In the absence of any late, dramatic and earth-shattering moves by the political parties, the next General Election, constitutionally due by December of 2011, promises to be the most non-defining poll in the nation’s history. By any measure, this is not going to be an Obama-style election based on fundamental change. This is not going to be a wave election. The major difference will be which of the parties can effectively mobilize and energize its base to come out and vote.
The issues facing the St Lucian electorate have not changed since the last election. When the people voted the last time around they went for the familiar. Kenny Anthony was dumped after two unopposed terms in office for an 82-year-old John Compton. The return of Compton was perhaps the biggest political recycling project ever undertaken by an electorate. It facilitated the most absurd comeback and raised questions about the wisdom of a party, forcing upon an elderly statesman the rough and tumble, raging election campaign with little regard to his failing health. What indeed did it profit the United Workers Party to have won the last election with the octogenarian Compton at death’s door?
As it turned out, Prime Minister Compton was subsequently summoned to the hallowed halls of Valhalla, for the greatest reunion of all times, starring big brother George Odlum! There to figure out why in life as in death they both left a nation saddled by debt, illiteracy, mismanagement and more importantly a nation completely divided against itself into two hostile and uncompromising political parties.
What is it about the savage political divide that colours every decision red, yellow and the newest color green? What is it about this country that can give birth to two Nobel Laureates, but cannot fashion a political system that does not provide for the cutting of throats and back stabbing? Why must all Labour Party supporters be described as thieves and all United Workers Party followers be viewed as terrorists? What is it about our orientation that prevents us from conducting a civil debate about issues without the name-calling and bitterness and outright hatred towards each other? Is there something about our genetic disposition that prevents us from discerning right from wrong, especially when that wrong is against our own interest?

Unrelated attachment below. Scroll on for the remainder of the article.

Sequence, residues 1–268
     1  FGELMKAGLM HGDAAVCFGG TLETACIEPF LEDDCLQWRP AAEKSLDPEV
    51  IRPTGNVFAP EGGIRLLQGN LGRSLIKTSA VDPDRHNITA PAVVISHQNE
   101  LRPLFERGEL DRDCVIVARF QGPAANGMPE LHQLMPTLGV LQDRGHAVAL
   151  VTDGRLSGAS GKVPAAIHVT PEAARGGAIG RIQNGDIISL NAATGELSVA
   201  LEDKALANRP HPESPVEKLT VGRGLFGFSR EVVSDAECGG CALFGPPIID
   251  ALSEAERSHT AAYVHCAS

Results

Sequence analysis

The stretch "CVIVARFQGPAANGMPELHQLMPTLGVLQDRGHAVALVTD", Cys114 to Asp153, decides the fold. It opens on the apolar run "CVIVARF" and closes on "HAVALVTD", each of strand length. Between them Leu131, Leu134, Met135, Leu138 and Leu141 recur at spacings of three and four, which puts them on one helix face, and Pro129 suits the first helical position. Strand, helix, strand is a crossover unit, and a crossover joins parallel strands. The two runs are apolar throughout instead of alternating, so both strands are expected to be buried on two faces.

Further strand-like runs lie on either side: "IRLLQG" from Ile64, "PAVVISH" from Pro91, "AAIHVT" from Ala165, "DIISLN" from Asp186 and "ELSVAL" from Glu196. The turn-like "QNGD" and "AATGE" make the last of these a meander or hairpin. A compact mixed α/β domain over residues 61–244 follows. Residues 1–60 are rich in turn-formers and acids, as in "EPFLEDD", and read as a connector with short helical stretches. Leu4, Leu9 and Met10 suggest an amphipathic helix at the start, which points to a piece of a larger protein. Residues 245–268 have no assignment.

When the December 2006 election was held the country was engulfed by a crime wave that was tearing away at its moral fabric. The United Workers Party, then in opposition, made crime the major issue, laying blame squarely at the doorstep of the Labour government. They promised to deal with the menace, but under their watch the crime situation has not subsided. There are those who argue that things have gotten worse and the St Lucia Labour Party is obviously poised to contest the next election campaign with the mantra, “Are you safer now than you were five years ago?” It is justifiable politicking and convenient strategy but is it best for the country? It is a fact that crime does not discriminate; it is detrimental and destructive to all and sundry. The latest senseless and brutal killing of Mama tears at the heart of every St Lucian.
Crime is no respecter of parties or persons. It is simply evil, and party politics should not prevent St Lucians from uniting in the fight against crime. So, the Labour Party must ensure that this issue is given a nationalist platform. Winning an election may be important but the security of the nation and the saving of lives should override all political calculations.